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August 22, 2011

Is the SEC West still the best?

A little over one year ago, I was working on a story about how the balance of power in the Southeastern Conference had shifted from the tradition-rich Eastern Division to the Western Division.

I asked Nick Saban at SEC Media Days. He sassed me a bit and wouldn't go with it. I asked Dan Mullen back in Starkville, but he gave a political answer saying the whole conference is strong. Several players I asked at media days and in Starkville wouldn't touch it.
Fast forward to January and five of the six teams in the West finished in the top 15 in the country, including BCS National Champion Auburn. The SEC West was unanimously considered the best division in the country in 2010.

Am I bragging? Sure. Do I have a point? Yes.

A few folks at ESPN, including the good people at the SEC Blog, have said that the SEC West in 2011 will (or could be) the best division ever. Not of 2011. Ever.
I won't pretend to be a historian, but you don't have to go very far back to find a division I feel confident was better: the 2010 SEC West. Yep, there it is again.
Will the 2011 SEC West be the best division in the year 2011? Yeah, I'd say that's pretty fair. But to say it's the best ever is a reactive claim, basing it on the previous year, rather than truly examining the division, as I did in the summer of 2010.

Let's take a stroll through the SEC West, shall we?

We'll start with the Louisiana State Tigers. I hear over and over that if Jordan Jefferson takes the next step, LSU is an automatic national title contender. First off, that's a big if, but what about the rest of the roster?
LSU lost its top running back, top receiver, left tackle, top two defensive tackles, best linebacker and top tackler and the country's best defensive back. So, the only position on the team where LSU didn't lose their best player is at quarterback, the only weak spot on 2010 team? That's not good.

Alabama is one of the favorites not just in the conference but in the country to win the national championship, and they may just do so. But to pretend there are no holes would be downright silly. Saban has a long track record of plugging in start after star, but the Tide lost a lot.
Say what you want about Greg McElroy, but he won games and was a reliable quarterback for 'Bama. Plenty of teams would have been happy to have him, and now the New York Jets do. He's gone. The left tackle in 2010? James Carpenter was drafted in the first round of the NFL Draft. Their best receiver and game-changer, Julio Jones? Also gone in the first round. Mark Ingram? Yep, you've heard this one before: drafted in the first round. Trent Richardson may be better, but Ingram didn't win the Heisman for being mediocre. Marcell Dareus, the team's best defensive lineman, the pride position of the SEC? Sorry if I'm a broken record, but he was drafted in the first round.

I think Alabama is the class of the SEC in 2011, but Saban lost his starting quarterback and then saw four of his most important players get drafted in the first round. That's gotta be tough to replace, no?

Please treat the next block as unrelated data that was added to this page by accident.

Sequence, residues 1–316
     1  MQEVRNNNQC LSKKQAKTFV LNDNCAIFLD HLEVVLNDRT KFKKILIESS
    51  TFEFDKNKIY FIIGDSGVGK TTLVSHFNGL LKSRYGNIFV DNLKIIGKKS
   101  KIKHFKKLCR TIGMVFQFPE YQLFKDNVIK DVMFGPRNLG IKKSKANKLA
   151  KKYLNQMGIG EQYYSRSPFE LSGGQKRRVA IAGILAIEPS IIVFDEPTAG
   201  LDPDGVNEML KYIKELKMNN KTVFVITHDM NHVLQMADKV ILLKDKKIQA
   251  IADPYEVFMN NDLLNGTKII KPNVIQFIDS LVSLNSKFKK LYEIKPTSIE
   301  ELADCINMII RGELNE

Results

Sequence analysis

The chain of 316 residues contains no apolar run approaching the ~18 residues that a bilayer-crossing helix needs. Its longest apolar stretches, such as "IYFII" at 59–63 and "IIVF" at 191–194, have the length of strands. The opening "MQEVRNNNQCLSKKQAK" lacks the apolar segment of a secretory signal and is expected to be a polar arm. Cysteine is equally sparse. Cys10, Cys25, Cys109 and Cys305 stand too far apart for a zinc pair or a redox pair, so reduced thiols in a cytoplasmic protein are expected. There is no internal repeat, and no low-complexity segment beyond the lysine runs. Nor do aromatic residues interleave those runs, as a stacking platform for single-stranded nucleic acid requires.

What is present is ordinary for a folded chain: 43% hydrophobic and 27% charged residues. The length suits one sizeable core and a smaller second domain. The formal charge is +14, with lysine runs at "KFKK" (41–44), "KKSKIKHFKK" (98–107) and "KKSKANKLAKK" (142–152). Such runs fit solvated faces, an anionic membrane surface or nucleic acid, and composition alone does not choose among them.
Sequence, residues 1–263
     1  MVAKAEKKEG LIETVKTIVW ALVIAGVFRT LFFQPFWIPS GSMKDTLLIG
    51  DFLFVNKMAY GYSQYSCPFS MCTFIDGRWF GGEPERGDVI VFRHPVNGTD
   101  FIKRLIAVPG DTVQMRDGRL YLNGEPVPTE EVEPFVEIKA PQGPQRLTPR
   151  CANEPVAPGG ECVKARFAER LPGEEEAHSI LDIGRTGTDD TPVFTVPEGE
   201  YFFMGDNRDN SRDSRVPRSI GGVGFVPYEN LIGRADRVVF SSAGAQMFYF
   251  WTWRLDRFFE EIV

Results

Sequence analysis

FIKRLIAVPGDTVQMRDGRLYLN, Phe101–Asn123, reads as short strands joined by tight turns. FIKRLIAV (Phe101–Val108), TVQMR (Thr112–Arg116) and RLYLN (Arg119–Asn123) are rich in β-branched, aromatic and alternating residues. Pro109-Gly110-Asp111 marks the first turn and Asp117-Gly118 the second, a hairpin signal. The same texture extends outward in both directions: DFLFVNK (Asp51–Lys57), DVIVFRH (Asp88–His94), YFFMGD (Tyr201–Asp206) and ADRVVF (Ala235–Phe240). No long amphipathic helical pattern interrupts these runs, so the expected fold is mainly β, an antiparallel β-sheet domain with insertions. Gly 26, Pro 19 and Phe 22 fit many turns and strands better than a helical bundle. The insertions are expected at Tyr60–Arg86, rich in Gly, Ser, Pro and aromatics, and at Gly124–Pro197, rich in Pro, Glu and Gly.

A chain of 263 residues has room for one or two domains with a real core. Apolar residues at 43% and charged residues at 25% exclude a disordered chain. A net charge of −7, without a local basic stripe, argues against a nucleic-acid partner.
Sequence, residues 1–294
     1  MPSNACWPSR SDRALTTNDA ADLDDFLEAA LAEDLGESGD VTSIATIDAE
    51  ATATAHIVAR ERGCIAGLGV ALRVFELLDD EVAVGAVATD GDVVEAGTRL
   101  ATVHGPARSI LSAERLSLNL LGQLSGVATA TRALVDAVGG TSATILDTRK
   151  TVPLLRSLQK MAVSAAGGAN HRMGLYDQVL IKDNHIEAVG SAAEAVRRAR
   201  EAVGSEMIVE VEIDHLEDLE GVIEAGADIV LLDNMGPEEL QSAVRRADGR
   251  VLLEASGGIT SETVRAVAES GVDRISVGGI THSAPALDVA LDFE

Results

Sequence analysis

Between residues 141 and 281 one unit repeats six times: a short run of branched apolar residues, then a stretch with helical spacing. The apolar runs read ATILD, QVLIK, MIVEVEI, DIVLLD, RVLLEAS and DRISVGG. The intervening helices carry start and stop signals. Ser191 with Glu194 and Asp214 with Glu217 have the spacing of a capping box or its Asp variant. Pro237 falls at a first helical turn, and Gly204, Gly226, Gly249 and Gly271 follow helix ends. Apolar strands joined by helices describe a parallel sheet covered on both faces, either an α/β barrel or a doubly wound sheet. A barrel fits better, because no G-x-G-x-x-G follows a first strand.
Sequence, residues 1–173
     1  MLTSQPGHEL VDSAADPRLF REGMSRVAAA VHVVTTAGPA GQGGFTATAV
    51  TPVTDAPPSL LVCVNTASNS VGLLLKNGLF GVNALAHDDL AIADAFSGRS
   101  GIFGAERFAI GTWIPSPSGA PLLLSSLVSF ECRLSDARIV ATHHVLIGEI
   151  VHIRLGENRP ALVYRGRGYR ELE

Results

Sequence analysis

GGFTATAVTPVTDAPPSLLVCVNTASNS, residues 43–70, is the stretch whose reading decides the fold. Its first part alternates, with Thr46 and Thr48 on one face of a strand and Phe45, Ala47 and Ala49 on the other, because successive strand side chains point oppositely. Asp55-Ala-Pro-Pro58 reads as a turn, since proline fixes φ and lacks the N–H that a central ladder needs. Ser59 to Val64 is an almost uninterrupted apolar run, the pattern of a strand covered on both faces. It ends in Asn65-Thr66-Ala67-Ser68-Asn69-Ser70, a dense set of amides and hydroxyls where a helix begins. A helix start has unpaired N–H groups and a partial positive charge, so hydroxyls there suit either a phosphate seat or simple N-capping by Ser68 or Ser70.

How about Arkansas? Even before losing Knile Davis for the season, the running back who was on the watch list for nearly every conceivable award a running back can be on, there were questions.
I think Tyler Wilson is a good quarterback and I expect him to do well replacing Ryan Mallett. He did well replacing Mallet against Auburn last year. But let's be honest, that secondary was bad, and Wilson still threw two picks. I'm optimistic, but it's not wise to rest hopes on him until we see more, especially considering some less-than-stellar efforts in other games that go largely un-talked about. He will have possibly the best group of receivers in the country to throw to, but the loss of tight end D.J. Williams, the No. 2 pass-catcher in Razorback record books, is not insignificant.

Losing Davis is a tremendous blow, as there are other good backs on the team, but none quite like him. And did I mention the offensive line lost three starters, including both tackles? Throw in the departure of a couple defensive backs and a linebacker, and there are certainly some questions surrounding Bobby Petrino and Arkansas.

That covers the top three teams in the SEC West and we haven't even mentioned Auburn. Gone from the national champion Tigers are the Heisman winner and the best defensive lineman in college football. We all know the numbers: Auburn lost nine starters on offense, eight on defense and both their kicker and punter. I would hardly project that they will be better in 2011 than 2010.

Mississippi State? Mullen hasn't beat anyone in the west other than Ole Miss since he got to Starkville. His 2011 squad may be better, but questions remain among a tougher-than-last-year schedule.

Ole Miss? They were 4-8 in 2010 and have to replace eight starters on a defense that finished 11th in the SEC last season. They lost their starting quarterback, though more depth at wide receiver, a veteran offensive line and a talented running back should keep the Rebels from dipping far below their 6th-ranked offense in the conference from 2010. But are you predicting a turnaround season for Houston Nutt and the gang? Yeah, me either.

Look, I'm not saying the SEC West will be bad in 2011. Scroll back up and you'll see in this very article where I say it will be the best in the country. And certainly, I focused on the weaknesses of each team while only mentioning or ignoring the strengths.

But my point is this: to say the SEC West will be the best division ever in 2011 is premature. It will be good, maybe even great, but perhaps we ought to temper our expectations for the division and just enjoy it for what is - fun, entertaining football.


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